Neither Manulife Investment Management or its affiliates, nor any of their directors, officers or employees shall assume any liability or responsibility for any direct or indirect loss or damage or any other consequence of any person acting or not acting in reliance on the information contained herein. All overviews and commentary are intended to be general in nature and for current interest. While helpful, these overviews are no substitute for professional tax, investment or legal advice. Clients should seek professional advice for their particular situation. Neither Manulife, Manulife Investment Management, nor any of their affiliates or representatives is providing tax, investment or legal advice. Past performance does not guarantee future results. This material was prepared solely for informational purposes, does not constitute a recommendation, professional advice, an offer or an invitation by or on behalf of Manulife Investment Management to any person to buy or sell any security or adopt any investment strategy, and is no indication of trading intent in any fund or account managed by Manulife Investment Management. No investment strategy or risk management technique can guarantee returns or eliminate risk in any market environment. Diversification or asset allocation does not guarantee a profit nor protect against loss in any market. Unless otherwise specified, all data is sourced from Manulife Investment Management.
Manulife Investment Management
Manulife Investment Management is the global wealth and asset management segment of Manulife Financial Corporation. We draw on more than 150 years of financial stewardship to partner with clients across our institutional, retail, and retirement businesses globally. Our specialist approach to money management includes the highly differentiated strategies of our fixed-income, specialized equity, multi-asset solutions, and private markets teams—along with access to specialized, unaffiliated asset managers from around the world through our multimanager model.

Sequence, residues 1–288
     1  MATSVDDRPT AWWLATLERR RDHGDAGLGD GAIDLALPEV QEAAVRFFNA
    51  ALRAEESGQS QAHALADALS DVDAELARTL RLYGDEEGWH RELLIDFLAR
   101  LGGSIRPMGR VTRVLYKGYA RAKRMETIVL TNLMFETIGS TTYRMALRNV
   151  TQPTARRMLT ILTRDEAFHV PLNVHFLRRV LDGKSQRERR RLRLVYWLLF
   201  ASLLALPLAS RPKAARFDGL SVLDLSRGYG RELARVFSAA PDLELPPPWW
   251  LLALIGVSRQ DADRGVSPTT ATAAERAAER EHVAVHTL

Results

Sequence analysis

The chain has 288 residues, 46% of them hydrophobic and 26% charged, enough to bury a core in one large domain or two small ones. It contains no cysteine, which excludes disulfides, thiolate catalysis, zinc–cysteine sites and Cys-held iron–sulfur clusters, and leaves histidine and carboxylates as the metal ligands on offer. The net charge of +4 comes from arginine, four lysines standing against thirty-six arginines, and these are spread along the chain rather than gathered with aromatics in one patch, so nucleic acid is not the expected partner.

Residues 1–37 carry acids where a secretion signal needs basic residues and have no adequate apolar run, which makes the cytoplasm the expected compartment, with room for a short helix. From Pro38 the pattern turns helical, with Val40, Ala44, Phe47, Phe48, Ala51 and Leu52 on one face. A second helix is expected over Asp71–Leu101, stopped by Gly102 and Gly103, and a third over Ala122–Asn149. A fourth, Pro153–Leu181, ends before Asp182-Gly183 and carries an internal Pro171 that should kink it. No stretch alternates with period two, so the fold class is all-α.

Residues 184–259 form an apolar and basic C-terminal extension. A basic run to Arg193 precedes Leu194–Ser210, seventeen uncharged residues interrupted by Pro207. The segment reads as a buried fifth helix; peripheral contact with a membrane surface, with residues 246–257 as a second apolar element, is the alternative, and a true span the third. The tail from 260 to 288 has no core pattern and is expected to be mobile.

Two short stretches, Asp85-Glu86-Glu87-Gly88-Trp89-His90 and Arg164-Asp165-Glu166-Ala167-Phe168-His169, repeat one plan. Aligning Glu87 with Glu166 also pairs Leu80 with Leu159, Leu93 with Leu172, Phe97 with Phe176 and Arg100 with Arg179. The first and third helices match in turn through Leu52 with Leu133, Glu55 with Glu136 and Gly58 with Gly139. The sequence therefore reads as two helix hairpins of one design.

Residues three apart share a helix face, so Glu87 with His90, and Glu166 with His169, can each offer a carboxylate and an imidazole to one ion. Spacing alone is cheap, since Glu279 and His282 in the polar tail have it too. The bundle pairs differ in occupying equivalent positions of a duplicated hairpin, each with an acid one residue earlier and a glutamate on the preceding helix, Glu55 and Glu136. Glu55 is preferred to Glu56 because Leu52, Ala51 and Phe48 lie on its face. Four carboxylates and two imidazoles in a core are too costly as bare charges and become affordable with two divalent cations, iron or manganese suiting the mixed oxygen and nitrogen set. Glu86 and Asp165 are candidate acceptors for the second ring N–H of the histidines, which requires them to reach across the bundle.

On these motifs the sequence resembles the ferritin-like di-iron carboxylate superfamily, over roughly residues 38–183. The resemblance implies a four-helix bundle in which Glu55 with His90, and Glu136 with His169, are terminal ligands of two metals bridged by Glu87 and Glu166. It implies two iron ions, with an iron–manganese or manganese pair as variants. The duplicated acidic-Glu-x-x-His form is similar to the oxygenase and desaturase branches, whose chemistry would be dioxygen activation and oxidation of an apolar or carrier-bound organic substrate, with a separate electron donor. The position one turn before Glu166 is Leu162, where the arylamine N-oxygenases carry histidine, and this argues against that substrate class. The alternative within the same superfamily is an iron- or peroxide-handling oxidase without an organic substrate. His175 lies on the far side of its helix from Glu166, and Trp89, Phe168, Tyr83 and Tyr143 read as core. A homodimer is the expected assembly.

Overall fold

These materials have not been reviewed by, are not registered with any securities or other regulatory authority, and may, where appropriate, be distributed by the following Manulife entities in their respective jurisdictions. Additional information about Manulife Investment Management may be found at www.manulifeim.com/institutional
Australia: Hancock Natural Resource Group Australasia Pty Limited., Manulife Investment Management (Hong Kong) Limited. Brazil: Hancock Asset Management Brasil Ltda. Canada: Manulife Investment Management Limited, Manulife Investment Management Distributors Inc., Manulife Investment Management (North America) Limited, Manulife Investment Management Private Markets (Canada) Corp. China: Manulife Overseas Investment Fund Management (Shanghai) Limited Company. European Economic Area and United Kingdom: Manulife Investment Management (Europe) Ltd. which is authorised and regulated by the Financial Conduct Authority, Manulife Investment Management (Ireland) Ltd. which is authorised and regulated by the Central Bank of Ireland. Hong Kong: Manulife Investment Management (Hong Kong) Limited. Indonesia: PT Manulife Aset Manajemen Indonesia. Japan: Manulife Investment Management (Japan) Limited. Malaysia: Manulife Investment Management (M) Berhad (formerly known as Manulife Asset Management Services Berhad) 200801033087 (834424-U) Philippines: Manulife Asset Management and Trust Corporation. Singapore: Manulife Investment Management (Singapore) Pte. Ltd. (Company Registration No. 200709952G) South Korea: Manulife Investment Management (Hong Kong) Limited. Switzerland: Manulife IM (Switzerland) LLC. Taiwan: Manulife Investment Management (Taiwan) Co. Ltd. United States: John Hancock Investment Management LLC, Manulife Investment Management (US) LLC, Manulife Investment Management Private Markets (US) LLC and Hancock Natural Resource Group, Inc. Vietnam: Manulife Investment Fund Management (Vietnam) Company Limited.
Manulife Investment Management, the Stylized M Design, and Manulife Investment Management & Stylized M Design are trademarks of The Manufacturers Life Insurance